Gordon Solie: Well, that's because of audience selection. That's not because of mentality. The targeted audience - Vince, Jr. did that, he targeted the young audience, the 4, 5, 6 - 8 years olds. And that is still carrying on to a degree. Les Thatcher, by the way, is a guy who is still on the air and is still doing it, in my opinion, in the right way, which is the old fashioned way. He's not one of these "new and improved" individuals. He gets out there and reports a solid match, in my opinion, the way a match should be called. No, they target the audience today, so consequently when you target your audience to an 8 year old, or a 10 year old, or a 12 year old mentality...but then they are much sharper today ten they were thirty years ago. You no, good lord, they sit down at the computer and they have access to information around the world at their fingertips, these kids are growing up very quickly mentally, I don't know how emotionally well they are doing...but that's another subject...

Jeremy Hartley: So, you had all of this talent...when did you start working in Georgia?

Gordon Solie: Oh gosh, I think that was in uh...(pause)...probably 1970, I think. I'll tell you what, look it up, whenever Ray Gunkel died, I started about three weeks after that.

Jeremy Hartley: Oh, okay...

Gordon Solie: When Gunkel died a war broke out, Georgia Wrestling split into two factions...Gunkel's wife split off and Paul Jones hung in and Ed Caprel, the announcer for Paul, went with the Gunkel group. That left Paul without anybody. And so I was called in to help Paul Jones out, who was the original promoter. Caprel had been with Paul I guess for seventeen or eighteen years and Left him. I had a sort of a strange sense of loyalty but when they called Eddie and said, "Can you send Gordon up here to do the show?" He said, "Sure..." So I started working for them as well as Florida.

Jeremy Hartley: Ah, so you were doing two shifts...

Gordon Solie: Yeah, I was flying up once a week doing the show in Atlanta and then...of course this was all very exciting...I mean, my God, hopping on a plane every week and flying to Atlanta and coming back...and like I said, I wish they had been giving out Frequent Flyer miles then, because, even though I racked up plenty of them over the years, I was several years flying with just, "Thanks a lot for being with us."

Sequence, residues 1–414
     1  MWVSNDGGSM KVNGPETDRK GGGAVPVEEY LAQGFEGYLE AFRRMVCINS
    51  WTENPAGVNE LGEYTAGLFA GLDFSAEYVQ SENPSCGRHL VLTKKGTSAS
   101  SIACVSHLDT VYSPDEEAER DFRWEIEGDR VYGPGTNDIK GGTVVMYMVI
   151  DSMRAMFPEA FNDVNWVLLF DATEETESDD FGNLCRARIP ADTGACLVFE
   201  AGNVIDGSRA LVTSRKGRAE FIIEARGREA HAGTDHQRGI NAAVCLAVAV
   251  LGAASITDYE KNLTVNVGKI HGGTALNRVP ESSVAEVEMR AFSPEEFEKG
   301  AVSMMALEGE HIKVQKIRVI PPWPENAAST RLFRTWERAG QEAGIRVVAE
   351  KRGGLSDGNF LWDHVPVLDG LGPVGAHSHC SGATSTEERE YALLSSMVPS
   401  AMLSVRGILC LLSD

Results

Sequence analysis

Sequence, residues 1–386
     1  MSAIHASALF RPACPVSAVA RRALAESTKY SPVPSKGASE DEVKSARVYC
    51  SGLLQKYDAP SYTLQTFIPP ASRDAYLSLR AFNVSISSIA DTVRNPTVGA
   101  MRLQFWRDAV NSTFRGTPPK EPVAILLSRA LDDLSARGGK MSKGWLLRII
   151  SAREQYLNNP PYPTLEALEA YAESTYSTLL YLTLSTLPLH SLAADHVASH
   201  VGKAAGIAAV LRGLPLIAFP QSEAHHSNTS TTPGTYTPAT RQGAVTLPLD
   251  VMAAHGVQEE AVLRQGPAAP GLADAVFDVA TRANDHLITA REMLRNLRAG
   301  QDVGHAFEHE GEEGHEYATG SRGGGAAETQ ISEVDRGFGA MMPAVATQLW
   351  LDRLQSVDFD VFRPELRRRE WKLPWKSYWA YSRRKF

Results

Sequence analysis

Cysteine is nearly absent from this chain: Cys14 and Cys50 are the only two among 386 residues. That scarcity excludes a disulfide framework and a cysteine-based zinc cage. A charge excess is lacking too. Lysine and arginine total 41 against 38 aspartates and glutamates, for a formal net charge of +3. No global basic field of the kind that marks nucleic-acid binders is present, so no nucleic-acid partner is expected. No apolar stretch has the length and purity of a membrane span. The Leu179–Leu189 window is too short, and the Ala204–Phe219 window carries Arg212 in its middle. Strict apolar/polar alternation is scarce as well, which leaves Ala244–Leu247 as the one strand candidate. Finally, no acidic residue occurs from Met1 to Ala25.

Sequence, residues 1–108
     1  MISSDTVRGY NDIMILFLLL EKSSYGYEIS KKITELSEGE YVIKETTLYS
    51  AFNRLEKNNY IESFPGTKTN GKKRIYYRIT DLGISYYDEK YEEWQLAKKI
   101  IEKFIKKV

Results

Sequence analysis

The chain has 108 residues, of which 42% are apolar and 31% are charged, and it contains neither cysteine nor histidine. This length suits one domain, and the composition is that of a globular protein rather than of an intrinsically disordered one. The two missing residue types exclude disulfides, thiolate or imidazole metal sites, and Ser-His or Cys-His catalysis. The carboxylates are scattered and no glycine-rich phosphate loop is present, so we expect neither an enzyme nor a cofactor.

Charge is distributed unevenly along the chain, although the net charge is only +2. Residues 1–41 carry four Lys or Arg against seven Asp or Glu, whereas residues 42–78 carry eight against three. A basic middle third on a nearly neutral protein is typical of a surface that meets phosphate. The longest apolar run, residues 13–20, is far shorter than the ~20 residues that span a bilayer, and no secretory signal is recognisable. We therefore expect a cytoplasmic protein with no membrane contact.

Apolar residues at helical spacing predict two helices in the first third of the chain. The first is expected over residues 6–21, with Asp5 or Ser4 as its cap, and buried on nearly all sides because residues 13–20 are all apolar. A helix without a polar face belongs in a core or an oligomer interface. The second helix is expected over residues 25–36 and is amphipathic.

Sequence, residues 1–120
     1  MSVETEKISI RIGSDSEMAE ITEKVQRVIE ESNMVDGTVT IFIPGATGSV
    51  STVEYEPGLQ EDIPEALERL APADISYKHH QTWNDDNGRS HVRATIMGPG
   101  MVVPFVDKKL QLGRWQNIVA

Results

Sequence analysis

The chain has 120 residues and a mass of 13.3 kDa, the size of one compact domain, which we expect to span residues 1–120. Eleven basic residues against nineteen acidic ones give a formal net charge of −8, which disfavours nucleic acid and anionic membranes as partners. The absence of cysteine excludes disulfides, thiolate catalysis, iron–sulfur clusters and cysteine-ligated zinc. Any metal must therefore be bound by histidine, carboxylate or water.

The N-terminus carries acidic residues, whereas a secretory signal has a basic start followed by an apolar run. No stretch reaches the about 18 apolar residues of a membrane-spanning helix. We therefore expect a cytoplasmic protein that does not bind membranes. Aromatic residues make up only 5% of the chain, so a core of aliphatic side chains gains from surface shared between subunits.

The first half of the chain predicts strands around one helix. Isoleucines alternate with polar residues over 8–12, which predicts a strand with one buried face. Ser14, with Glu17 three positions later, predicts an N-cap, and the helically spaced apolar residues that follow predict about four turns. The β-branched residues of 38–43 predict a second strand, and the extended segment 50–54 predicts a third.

Jeremy Hartley: (laughs) I remember hearing that a lot of the shows were done live, some were taped as far as on television...when you were working both territories, what was an average week like for you?

Gordon Solie: Well, at that time I think we were doing our TV show in Tampa on Wednesdays, and so, of course I worked full time at that point. I was handling all of the publicity and all of that, for the State of Florida. I did all the newspaper ads, all of the radio advertising and all. We would do the show on Wednesdays, then, if I remember correctly, we'd do the interviews on Thursday then Friday the tape would be shipped out around the State. So then on Saturdays I would fly to Atlanta and do the show up there Saturday morning and then fly back Saturday afternoon. Well then that finally got to a point where (Ron) Fuller wanted me to do the show in Alabama, so for a while I was flying up to Atlanta twice a week, and then they backed up to one...it eventually ended up with me doing the show in Tampa on Wednesday, flying to Atlanta on Friday night, because I blew a show one day when weather suddenly blocked in Atlanta on a Saturday morning and I couldn't get in and ended up in Minneapolis! And I had to call them and tell them that I wouldn't make it for the show. They had a backup, of course, Freddy Miller, and anyway...then they started saying, "You come in Friday night..." so I started coming in Friday nights. Then I started doing the Alabama show on Saturday afternoons, So what I would do is get through the show in Atlanta Saturday morning, I was catching a 2 o'clock flight out of Atlanta to Dothen, Alabama and do the show there Saturday afternoon then I'd catch a flight out of Dothen back to Atlanta, then back into Tampa. So I'd usually get home Saturday night around midnight or so. Well, then they did some other switching around and "Pro-Wrestling This Week" came along. So then I would do the show Wednesday in Tampa, fly to Atlanta on Friday, do the show Saturday in Atlanta, then I would fly to Birmingham, if I remember correctly...anyway, I'd fly into Alabama and do a show there, and then fly into...no, they started doing the show on Monday nights there. Then I would fly out of there back to Atlanta, do "Pro-Wrestling This Week" with Joe Pedicino on Tuesday, then I'd fly back to Tampa on Tuesday afternoon late. Editor's note: Gordon has skipped way ahead at this point, "PWTW" was in the mid-eighties as I recall - unless there was an earlier version I am not aware of)